HUSAVIK – Simply off the northern coast of Iceland, scientists are gathering information from whales’ breath to search out out in the event that they get careworn by whale-watching boats, an trade that has boomed in recent times.
Researchers from Whale Sensible, a marine conservation charity, are learning the whales’ stress ranges of their hormones. From their small sailboat, a drone lifts off. After six hours of ready, the scientists have lastly noticed a humpback whale.
Hooked up to the flying machine are two petri dishes — clear cylindrical containers — that can acquire water droplets from the whale’s spray.
The timeframe to gather the pattern is brief — the length of a whale’s breath.
This time, the drone flies over the whale fastidiously, crossing via the spray coming from the whale’s blowhole… and mission completed. It returns to the sailboat, delivering its valuable cargo to the researchers. As soon as wrapped in paraffin and frozen, the samples will probably be despatched to a laboratory for evaluation. The researchers purpose to gather samples earlier than a whale watching boat arrives after which afterwards, then evaluate the 2 samples to find out the direct influence of that encounter on stress ranges.
Vacationers have been more and more flocking to the waters of the North Atlantic off Iceland to admire the majestic creatures, although 2020 was a quiet yr as a result of pandemic.
Greater than 360,000 whale watchers had been registered in 2019, thrice the quantity a decade in the past.
Virtually a 3rd of them started their whale watching tour within the Husavik harbour, heading for the chilly waters of Skjalfandi Bay.
Earlier research on tourism’s influence on whales, which had been primarily based on behavioural observations, concluded that tourism brought about solely minor disruptions to the mammals.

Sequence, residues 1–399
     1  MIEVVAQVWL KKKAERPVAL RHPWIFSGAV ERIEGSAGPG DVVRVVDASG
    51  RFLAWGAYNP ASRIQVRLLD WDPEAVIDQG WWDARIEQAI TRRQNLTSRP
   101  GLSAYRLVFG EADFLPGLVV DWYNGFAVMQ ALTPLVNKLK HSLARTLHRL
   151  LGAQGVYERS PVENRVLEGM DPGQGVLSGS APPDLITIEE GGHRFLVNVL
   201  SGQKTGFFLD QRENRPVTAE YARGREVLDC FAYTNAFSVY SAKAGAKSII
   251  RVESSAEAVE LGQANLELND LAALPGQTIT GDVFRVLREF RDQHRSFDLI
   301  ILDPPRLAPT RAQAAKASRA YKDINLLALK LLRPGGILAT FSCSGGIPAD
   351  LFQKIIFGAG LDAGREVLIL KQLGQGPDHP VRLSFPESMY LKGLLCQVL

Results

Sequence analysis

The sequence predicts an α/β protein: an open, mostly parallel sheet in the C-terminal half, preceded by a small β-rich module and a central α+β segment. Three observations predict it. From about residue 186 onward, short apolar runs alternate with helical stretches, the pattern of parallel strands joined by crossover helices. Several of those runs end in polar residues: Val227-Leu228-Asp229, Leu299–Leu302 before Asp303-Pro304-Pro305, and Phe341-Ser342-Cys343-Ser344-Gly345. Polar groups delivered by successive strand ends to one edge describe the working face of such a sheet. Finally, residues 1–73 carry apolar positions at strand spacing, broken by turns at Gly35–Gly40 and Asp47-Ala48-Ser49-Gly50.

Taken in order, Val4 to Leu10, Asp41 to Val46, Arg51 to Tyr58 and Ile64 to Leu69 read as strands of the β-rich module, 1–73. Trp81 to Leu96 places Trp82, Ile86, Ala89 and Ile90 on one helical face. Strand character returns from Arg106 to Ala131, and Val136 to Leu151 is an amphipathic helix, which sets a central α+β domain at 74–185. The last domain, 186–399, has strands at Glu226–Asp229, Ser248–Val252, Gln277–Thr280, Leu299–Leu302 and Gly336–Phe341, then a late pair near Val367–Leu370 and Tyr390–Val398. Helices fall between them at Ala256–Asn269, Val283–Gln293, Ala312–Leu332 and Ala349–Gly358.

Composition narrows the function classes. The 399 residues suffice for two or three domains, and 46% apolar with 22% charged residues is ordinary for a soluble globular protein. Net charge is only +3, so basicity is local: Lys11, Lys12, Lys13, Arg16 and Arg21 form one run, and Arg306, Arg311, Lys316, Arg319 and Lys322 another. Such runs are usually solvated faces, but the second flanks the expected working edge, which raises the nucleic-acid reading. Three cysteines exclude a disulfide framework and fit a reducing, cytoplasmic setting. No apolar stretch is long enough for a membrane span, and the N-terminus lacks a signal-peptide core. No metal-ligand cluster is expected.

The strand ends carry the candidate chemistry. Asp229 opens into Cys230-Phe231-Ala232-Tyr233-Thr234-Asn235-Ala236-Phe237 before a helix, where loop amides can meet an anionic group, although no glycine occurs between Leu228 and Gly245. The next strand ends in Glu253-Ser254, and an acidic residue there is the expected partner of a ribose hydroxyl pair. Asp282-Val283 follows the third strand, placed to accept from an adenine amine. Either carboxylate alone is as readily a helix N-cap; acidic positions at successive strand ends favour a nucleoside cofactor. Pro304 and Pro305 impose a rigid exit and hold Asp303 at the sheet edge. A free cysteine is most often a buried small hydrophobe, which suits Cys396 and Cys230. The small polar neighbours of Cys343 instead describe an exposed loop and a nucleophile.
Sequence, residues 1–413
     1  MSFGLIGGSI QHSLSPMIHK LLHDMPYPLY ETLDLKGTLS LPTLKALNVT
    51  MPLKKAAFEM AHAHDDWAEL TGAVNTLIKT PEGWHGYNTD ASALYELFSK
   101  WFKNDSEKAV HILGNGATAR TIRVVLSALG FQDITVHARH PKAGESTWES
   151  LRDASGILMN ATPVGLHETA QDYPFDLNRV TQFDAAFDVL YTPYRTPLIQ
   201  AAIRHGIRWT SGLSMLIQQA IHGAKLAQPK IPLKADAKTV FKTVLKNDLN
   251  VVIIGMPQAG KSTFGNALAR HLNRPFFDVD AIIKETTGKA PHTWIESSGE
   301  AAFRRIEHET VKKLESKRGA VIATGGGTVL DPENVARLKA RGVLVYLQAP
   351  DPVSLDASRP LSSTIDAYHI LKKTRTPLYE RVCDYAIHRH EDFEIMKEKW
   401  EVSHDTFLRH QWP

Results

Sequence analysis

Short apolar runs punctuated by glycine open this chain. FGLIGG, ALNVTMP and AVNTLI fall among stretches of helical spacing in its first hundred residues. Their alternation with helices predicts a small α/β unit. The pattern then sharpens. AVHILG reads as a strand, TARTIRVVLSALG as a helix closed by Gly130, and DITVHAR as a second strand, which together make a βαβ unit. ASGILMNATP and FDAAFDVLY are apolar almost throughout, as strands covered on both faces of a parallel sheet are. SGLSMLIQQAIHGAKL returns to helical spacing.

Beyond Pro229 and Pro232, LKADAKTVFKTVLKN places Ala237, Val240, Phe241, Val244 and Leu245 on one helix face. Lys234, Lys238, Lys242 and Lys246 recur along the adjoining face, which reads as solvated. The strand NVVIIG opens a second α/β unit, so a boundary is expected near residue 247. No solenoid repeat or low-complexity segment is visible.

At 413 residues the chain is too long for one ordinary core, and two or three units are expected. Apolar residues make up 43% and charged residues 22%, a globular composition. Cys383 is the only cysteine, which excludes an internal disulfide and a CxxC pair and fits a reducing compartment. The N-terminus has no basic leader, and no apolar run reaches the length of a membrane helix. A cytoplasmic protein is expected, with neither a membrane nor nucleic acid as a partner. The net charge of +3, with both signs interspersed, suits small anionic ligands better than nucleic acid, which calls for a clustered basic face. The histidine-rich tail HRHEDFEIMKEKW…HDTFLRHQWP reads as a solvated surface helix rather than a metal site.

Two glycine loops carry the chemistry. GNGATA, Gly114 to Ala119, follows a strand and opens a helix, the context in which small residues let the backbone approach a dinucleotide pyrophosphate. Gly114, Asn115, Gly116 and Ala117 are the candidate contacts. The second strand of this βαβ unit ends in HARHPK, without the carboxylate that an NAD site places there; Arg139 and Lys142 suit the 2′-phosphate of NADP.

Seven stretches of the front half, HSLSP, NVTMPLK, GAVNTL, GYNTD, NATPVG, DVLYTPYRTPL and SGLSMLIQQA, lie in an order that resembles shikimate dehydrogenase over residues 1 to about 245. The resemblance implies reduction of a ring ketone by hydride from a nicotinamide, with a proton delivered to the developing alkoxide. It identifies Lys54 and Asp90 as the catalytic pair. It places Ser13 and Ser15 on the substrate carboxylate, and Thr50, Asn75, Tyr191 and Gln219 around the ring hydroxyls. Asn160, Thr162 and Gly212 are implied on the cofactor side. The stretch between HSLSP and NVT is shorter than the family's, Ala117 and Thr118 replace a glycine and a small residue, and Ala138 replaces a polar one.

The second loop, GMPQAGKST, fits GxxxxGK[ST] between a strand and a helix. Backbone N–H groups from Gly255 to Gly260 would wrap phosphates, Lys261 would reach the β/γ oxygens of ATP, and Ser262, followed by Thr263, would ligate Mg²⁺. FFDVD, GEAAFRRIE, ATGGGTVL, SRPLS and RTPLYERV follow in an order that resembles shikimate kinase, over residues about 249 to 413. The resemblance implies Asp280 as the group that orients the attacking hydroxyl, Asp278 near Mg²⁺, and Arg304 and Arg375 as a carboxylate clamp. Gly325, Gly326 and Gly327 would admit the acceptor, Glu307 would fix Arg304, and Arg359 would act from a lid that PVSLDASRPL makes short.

The latest research, from 2011, discovered that whale-watching excursions had been disrupting minke whales within the Faxa Bay close to Reykjavik, within the south of the nation.
“We discovered that the minke whales had been disturbed of their feeding, nevertheless it was solely a short-term disturbance,” one of many authors of the research, Marianne Rasmussen, director of the College of Iceland Analysis Heart in Husavik, instructed AFP.
“It didn’t have an effect on their general health.”
The tactic utilized by Whale Sensible this summer time has been used elsewhere by biologists however this was a primary for researchers in Iceland.
“From the samples, you possibly can take a look at hormones akin to cortisol, which is a stress-related hormone, after which you possibly can decide the physiological stress ranges of those whales,” mentioned Tom Grove, Whale Sensible co-founder and a PhD pupil on the College of Edinburgh.
Since 2018, 59 samples have been collected. Whereas a minimal of fifty are wanted for a correct evaluation, he hopes to gather round 100.
This summer time, a number of the samples had been collected along with French environmental group Unu Mondo Expedition, which travelled to Iceland for a month-long expedition to check local weather change points.
“The whales are vital to us, for our lives, as a result of they’re a part of the ecosystem on our planet,” mentioned Sophie Simonin, 29, the organisation’s co-founder.
“In addition they take in huge quantities of carbon dioxide,” she added.
In response to a December 2019 research by the Worldwide Financial Fund, a big whale captures a mean of 33 tonnes of carbon dioxide.
Whereas whales are a vacationer attraction, they’re additionally hunted in Iceland.
The Worldwide Whaling Fee banned business whaling in 1986, however Iceland, which opposed the moratorium, resumed its hunt in 2003.
Iceland solely bans the hunt of blue whales.
However whereas the nation has established an annual quota of 209 fin whales and 217 minke whales till 2023, no whales had been hunted this yr for the third straight yr, as whalers say it’s not financially viable.